"A good Dirty Martini is enough to put some hair on one's chest! To make a dirty martini, you need vodka or gin, dry vermouth, and olive juice. Rather than using a shaker, I use a glass filled to the brim with ice. To this glass, I add 2.5 parts vodka (or gin), a half ounce of dry vermouth, and a half ounce of olive juice. I then stir and strain into a chilled martini glass with a 3 olive garnish."
"Dirty Martini's are fun to make! In a shaker with ice, I add 2.5 parts vodka, 1/2 ounce of dry vermouth and a 1/2 ounce of olive juice. Shake, and add to a chilled martini glass with an olive garnish. That's a basic recipe. Some customers prefer even more olive brine!"
When you go above and beyond for a customer and they don't tip well, how do you handle it?
If you have worked in the service industry before, you know that even some of the seemingly most pleasant people are terrible tippers. However, if you make a point to provide fast, seamless customer service to every person who walks through the door you have a better chance of getting tipped generously.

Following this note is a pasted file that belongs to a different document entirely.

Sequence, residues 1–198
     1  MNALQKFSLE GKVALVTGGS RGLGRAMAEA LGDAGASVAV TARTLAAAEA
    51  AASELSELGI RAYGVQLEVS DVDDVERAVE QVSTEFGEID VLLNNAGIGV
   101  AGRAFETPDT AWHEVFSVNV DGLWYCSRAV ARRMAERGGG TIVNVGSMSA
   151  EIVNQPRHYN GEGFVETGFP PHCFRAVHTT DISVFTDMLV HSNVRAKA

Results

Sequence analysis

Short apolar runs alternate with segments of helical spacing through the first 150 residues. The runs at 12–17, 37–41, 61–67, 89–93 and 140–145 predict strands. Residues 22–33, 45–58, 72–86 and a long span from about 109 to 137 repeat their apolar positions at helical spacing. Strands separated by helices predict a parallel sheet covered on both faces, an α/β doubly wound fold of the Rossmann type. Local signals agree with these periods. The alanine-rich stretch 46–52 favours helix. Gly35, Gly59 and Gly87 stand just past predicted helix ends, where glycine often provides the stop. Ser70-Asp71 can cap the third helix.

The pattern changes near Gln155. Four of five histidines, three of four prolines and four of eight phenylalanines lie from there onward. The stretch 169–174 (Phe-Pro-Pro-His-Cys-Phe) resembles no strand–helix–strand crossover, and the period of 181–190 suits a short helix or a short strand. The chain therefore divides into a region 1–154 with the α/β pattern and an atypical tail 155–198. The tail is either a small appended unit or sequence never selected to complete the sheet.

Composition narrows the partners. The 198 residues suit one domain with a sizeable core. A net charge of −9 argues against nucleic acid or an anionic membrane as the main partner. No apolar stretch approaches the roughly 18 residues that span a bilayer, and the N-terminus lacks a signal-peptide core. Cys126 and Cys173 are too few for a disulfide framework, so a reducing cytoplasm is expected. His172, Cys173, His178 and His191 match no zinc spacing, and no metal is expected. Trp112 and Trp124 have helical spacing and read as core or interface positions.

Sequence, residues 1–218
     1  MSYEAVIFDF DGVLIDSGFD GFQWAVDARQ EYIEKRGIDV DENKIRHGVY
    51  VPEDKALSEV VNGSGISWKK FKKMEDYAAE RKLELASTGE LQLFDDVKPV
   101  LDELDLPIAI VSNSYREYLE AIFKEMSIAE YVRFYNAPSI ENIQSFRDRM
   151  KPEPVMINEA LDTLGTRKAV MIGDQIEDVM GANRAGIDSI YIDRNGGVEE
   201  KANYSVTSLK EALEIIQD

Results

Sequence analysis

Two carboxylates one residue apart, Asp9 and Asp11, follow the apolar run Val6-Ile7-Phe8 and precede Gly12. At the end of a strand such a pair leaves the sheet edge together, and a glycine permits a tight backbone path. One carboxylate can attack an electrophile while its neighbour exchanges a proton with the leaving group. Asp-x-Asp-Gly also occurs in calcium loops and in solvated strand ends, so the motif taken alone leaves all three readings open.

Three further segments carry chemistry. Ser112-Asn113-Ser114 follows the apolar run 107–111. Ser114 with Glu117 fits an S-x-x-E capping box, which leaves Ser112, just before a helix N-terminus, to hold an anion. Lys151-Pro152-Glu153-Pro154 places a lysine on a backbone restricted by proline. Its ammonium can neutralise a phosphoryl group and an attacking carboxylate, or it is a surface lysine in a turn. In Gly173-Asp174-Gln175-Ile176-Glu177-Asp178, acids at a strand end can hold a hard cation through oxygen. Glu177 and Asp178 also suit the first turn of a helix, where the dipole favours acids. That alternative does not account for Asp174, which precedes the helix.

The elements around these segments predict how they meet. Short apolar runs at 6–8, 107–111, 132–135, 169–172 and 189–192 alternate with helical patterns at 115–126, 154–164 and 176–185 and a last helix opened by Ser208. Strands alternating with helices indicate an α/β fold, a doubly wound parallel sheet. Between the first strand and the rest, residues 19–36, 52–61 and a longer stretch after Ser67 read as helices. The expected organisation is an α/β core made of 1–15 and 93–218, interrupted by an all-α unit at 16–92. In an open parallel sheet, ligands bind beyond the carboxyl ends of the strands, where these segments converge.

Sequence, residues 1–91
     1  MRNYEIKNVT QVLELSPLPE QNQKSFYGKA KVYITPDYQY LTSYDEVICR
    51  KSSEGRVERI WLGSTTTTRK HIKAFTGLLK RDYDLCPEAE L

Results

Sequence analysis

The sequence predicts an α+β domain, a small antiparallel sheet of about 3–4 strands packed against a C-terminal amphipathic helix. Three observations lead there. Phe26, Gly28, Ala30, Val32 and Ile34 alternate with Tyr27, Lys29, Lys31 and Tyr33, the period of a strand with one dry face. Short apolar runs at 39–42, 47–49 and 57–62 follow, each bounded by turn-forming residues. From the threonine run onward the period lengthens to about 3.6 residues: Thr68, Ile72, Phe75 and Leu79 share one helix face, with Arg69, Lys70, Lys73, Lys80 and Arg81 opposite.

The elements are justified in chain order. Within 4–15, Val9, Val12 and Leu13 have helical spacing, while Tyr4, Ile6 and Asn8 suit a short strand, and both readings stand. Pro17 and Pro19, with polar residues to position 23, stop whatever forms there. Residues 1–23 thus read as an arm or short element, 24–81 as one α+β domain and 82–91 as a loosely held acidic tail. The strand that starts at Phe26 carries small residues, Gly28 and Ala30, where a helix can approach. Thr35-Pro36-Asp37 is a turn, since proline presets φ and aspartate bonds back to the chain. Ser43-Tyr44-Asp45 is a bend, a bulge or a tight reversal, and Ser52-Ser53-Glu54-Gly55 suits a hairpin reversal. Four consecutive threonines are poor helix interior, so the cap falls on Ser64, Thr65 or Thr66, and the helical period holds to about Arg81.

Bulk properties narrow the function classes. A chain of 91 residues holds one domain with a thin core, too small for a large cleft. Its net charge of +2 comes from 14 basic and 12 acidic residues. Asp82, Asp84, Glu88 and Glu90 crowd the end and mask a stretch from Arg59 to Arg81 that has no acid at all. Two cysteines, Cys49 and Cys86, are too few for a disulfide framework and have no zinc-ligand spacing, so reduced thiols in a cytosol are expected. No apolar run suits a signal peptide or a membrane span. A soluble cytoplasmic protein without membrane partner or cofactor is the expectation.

If the interviewer asks you this question, assure them that you give excellent service regardless of the tip percentage. When someone tips poorly, you just brush it off knowing your hard work will be rewarded, even though it may not be in the form of a generous tip every time.
"One of my most memorable customers was an elderly gentleman who would sit at my bar every day from 3PM -5PM before going home to make dinner. He drank two vodkas on the rocks and had some great stories to tell. He always tipped just .25 cents, and I thought it was adorable. You don't know everyone's financial situation, and it was more important to me that he had somewhere comfortable to come when he was feeling lonely."
"Not everyone is a great tipper, and others are excellent tippers. It all works out in the end, and I don't take it personally."
This is a coveted bartending gig. Why should we hire you?
Pressure is on! The interviewer takes a lot of pride in their bar, and they are not willing to settle for just anyone. If you don't have the length of experience and an impressive skillset, you still have a chance. Think about your transferable skills. These are skills that you gained from working other jobs that might not be relevant to this one.